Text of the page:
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Tobacco industry data on illicit tobacco trade: a systematic review of existing assessments
  1. Allen W A Gallagher,
  2. Karen A Evans-Reeves,
  3. Jenny L Hatchard,
  4. Anna B Gilmore
  1. Tobacco Control Research Group, University of Bath and UK Centre of Tobacco and Alcohol Studes, Bath, UK
  1. Correspondence to Mr. Allen W A Gallagher, Department for Health, University of Bath, Bath, BA2 7AY, UK; a.a.gallagher{at}bath.ac.uk

Abstract

Objective To examine the quality of tobacco industry-funded data on the illicit tobacco trade (ITT) through a systematic review of existing assessments of industry-funded data on ITT.

Data sources Papers and reports assessing tobacco industry-funded data on ITT were obtained via searches of 8 academic databases, Google searches and correspondence with ITT experts.

Study selection Inclusion criteria identified 35 English-language papers containing an original assessment of tobacco industry-funded data.

Data extraction Using a coding framework, information was extracted from the assessments regarding the quality of tobacco industry data. Documents were second-coded, achieving 94% intercoder reliability with all disagreements resolved.

Data synthesis Of the 35 assessments reviewed, 31 argued that tobacco industry estimates were higher than independent estimates. Criticisms identified problems with data collection (29), analytical methods (22) and presentation of results (21), which resulted in inflated ITT estimates or data on ITT that were presented in a misleading manner. Lack of transparency from data collection right through to presentation of findings was a key issue with insufficient information to allow replication of the findings frequently cited.

Conclusions Tobacco industry data on ITT are not reliable. At present, the tobacco industry continues to fund and disseminate ITT research through initiatives such as PMI IMPACT. If industry data on ITT cannot meet the standards of accuracy and transparency set by high-quality research publications, a solution may be to tax tobacco companies and administer the resulting funds to experts, independent of the tobacco industry, who use previously developed reliable models for measuring ITT.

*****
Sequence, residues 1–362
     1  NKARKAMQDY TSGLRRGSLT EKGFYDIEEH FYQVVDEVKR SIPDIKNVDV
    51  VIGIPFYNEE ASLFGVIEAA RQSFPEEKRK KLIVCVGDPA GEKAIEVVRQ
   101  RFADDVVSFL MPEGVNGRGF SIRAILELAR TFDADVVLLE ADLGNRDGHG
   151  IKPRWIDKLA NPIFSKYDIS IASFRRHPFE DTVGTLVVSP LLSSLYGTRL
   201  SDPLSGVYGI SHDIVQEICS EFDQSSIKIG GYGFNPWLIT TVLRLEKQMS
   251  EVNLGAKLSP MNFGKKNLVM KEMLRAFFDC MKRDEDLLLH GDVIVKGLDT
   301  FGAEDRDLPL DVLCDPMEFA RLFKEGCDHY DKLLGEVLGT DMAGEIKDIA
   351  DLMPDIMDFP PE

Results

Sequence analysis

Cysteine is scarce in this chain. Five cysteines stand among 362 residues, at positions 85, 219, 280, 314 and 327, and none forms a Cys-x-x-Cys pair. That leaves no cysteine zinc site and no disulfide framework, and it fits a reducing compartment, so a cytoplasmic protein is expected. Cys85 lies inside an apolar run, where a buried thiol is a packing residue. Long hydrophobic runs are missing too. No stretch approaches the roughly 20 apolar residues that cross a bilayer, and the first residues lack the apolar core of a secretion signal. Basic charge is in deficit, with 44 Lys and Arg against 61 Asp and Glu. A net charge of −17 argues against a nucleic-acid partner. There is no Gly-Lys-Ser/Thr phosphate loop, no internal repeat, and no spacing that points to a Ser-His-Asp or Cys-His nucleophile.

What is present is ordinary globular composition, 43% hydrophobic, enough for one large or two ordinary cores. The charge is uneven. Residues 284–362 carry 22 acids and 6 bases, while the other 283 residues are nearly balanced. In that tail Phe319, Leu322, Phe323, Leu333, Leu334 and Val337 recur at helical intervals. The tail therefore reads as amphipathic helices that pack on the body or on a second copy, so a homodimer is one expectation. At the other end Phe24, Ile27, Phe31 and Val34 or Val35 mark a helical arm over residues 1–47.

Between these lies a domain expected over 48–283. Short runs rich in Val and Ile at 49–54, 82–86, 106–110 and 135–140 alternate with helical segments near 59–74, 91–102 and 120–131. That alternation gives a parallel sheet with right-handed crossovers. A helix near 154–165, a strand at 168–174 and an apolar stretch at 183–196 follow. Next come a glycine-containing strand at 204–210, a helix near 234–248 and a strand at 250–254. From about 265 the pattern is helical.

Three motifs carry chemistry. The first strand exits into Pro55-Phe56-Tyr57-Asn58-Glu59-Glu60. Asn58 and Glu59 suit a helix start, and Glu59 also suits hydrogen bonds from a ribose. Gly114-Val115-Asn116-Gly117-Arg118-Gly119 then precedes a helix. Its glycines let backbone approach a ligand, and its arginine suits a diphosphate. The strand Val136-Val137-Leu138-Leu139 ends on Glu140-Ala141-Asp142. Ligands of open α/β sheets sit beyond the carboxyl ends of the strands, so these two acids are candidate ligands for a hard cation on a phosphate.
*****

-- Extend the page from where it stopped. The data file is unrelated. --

• illegal tobacco products
  • tobacco industry
  • public policy

This is an open access article distributed in accordance with the terms of the Creative Commons Attribution (CC BY 4.0) license, which permits others to distribute, remix, adapt and build upon this work, for commercial use, provided the original work is properly cited. See: http://creativecommons.org/licenses/by/4.0/

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Footnotes

  • Contributors ABG conceived the idea for the study and all authors participated in its design (eg, inclusion criteria, coding framework). AWAG collected data; AWAG, KAE-R and JLH coded data, and all authors contributed to data analysis. AWAG and KAE-R produced first draft and all authors edited.

  • Funding This work is supported by CRUK grant no. C50816/A25745. KAE-R and ABG (grant number C27260/A20488) and JLH (grant number C58487/A22731) are supported by Cancer Research UK ww.cancerresearchuk.org. AWAG, KAE-R, JLH and ABG are part of the UK Centre for Tobacco and Alcohol Studies (grant no. MR/K023195/1), a UKCRC Public Health Research Centre of Excellence.

  • Disclaimer The opinions expressed are those of the authors alone.

  • Competing interests None declared.

  • Patient consent Not required.

  • Provenance and peer review Not commissioned; externally peer reviewed.

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